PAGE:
The anti rejection drugs can have a lot of side effects. Everyone's tolerance is different and some have a very hard time with them. They can cause cancer and kidney damage. A lot of heart transplant patients go on to develop kidney failure.

Heart transplant patients are cured of their heart failure but have a new set of limitations. As long as they take their medications and stay on top of their care they can go onto live long healthy lives.

Wednesday, October 22, 2014

Advice for new nurses

Since I'm on the advice theme, I thought I would share some advice for new nurses. I remember the first few months as a new nurse. It was an overwhelming time. Here is some advice for those in their first year as a nurse.

1. Organize yourself.

Time management is key for a new nurse. Depending on the setting you are working in you may be expected to take care of multiple patients. Nurses often get pulled away from one thing to do another and it can be very frustrating and feel like you never get anything done. Find an organizational system and stick to it. If you are constantly falling behind, ask for help. Other nurses can help you figure out how to manage your time.

2. Learn as much as you can.

Everything is new at this point. Once you get out of school you will see just how much you didn't learn in school. Ask questions, try to understand what's going on with your patient. Don't think of your patient as a series of tasks. Take the time to understand the physiology of what's wrong with your patient.

3. Listen to your patients.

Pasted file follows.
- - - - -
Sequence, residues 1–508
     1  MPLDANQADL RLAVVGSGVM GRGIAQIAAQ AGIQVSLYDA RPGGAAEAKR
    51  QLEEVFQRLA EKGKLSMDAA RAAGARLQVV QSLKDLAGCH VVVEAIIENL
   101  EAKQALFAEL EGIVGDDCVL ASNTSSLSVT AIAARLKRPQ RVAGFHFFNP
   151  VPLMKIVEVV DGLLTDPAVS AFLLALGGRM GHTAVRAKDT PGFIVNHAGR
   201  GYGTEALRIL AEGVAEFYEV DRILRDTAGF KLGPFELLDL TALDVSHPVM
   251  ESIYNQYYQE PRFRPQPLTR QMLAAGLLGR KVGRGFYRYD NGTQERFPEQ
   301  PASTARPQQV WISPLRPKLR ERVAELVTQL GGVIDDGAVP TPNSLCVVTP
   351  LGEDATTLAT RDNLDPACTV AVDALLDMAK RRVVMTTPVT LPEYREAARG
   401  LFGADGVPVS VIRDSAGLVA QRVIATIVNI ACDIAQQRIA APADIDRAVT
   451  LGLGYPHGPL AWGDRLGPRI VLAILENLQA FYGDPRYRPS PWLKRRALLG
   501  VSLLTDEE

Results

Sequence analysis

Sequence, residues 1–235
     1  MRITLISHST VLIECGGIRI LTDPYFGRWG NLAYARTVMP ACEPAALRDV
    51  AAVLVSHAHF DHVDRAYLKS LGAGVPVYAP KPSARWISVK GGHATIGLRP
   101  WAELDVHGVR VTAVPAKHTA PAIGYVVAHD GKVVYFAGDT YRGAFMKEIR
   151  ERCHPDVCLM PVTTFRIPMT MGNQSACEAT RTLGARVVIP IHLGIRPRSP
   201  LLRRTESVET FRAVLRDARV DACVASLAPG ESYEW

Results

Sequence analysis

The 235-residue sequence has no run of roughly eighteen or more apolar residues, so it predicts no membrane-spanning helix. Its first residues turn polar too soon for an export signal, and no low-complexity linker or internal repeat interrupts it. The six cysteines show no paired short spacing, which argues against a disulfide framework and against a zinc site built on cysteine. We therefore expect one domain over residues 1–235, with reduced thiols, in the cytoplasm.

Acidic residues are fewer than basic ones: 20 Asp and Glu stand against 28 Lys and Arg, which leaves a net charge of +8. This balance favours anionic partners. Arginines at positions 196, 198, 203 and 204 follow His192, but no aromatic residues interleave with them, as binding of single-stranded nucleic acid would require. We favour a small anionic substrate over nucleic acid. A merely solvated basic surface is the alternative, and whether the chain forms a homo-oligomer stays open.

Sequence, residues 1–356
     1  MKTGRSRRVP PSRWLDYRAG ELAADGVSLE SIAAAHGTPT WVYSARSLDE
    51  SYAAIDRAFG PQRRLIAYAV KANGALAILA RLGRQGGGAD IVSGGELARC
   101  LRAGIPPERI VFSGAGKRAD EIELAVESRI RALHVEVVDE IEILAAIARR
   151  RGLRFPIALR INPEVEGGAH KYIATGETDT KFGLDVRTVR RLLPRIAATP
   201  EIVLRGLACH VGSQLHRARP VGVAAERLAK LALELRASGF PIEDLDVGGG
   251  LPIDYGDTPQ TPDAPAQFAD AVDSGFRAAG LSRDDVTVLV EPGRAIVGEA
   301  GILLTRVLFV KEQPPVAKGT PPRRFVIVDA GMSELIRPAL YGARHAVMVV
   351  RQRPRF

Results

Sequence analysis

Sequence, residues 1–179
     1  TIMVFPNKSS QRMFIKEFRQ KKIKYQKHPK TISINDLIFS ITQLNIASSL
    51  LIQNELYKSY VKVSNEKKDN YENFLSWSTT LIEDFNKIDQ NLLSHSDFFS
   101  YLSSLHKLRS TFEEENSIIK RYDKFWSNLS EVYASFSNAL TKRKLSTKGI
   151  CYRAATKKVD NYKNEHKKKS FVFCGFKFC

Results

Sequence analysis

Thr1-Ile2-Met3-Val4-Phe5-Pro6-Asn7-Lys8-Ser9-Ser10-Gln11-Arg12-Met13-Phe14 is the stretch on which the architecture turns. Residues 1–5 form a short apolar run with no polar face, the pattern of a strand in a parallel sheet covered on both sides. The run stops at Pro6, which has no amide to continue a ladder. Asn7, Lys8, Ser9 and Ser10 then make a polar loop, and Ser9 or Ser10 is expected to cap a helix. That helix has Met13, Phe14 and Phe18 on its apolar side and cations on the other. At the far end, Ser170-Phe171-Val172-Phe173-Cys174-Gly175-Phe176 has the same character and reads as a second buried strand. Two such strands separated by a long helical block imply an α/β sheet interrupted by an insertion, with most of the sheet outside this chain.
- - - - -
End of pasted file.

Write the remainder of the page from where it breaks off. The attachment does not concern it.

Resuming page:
This goes along with not seeing your patient as a series of tasks. That person in the bed is a real person with real issues and real emotions. Take the time to stop and listen to them. Offer support when you can.

4. Take time for yourself.

It can be overwhelming to be in charge of another person's health. Try not to bring your work home with you. Remember you have a life too.

5. You will make mistakes

Learn from them. Don't beat yourself up. It happens to everyone.

Most of all, try to relax and enjoy your new role. 

Tuesday, October 21, 2014

Things I wish I knew when I was in nursing school

It's hard to believe I finished nursing school 18 years ago. (But I'm not old!) I became a nurse practitioner 5 years later. As I look back on my years, I think about things I wish I knew when I was in school.

Here's my list.

1. Most of the stuff you learn in school will be outdated in 5 years. 

Medicine is currently changing and it's important to keep up. Read journals, go to conferences, most of all just keep your eyes and ears open.

2. Nursing diagnoses and care plans are obsolete.

Alteration in respiration due to impaired gas exchange as manifested by dyspnea and tachypnea. Hmm.. maybe shortness of breath? I think the point of nursing diagnoses is to teach nurses to think for themselves but let's be realistic. What nurse in their right mind diagnoses their patient with alteration in comfort due to surgical incision as manifested by patient's complain of pain? If nurses want to be treated as equals on the health care team they should probably use the same language as the rest of the health care team.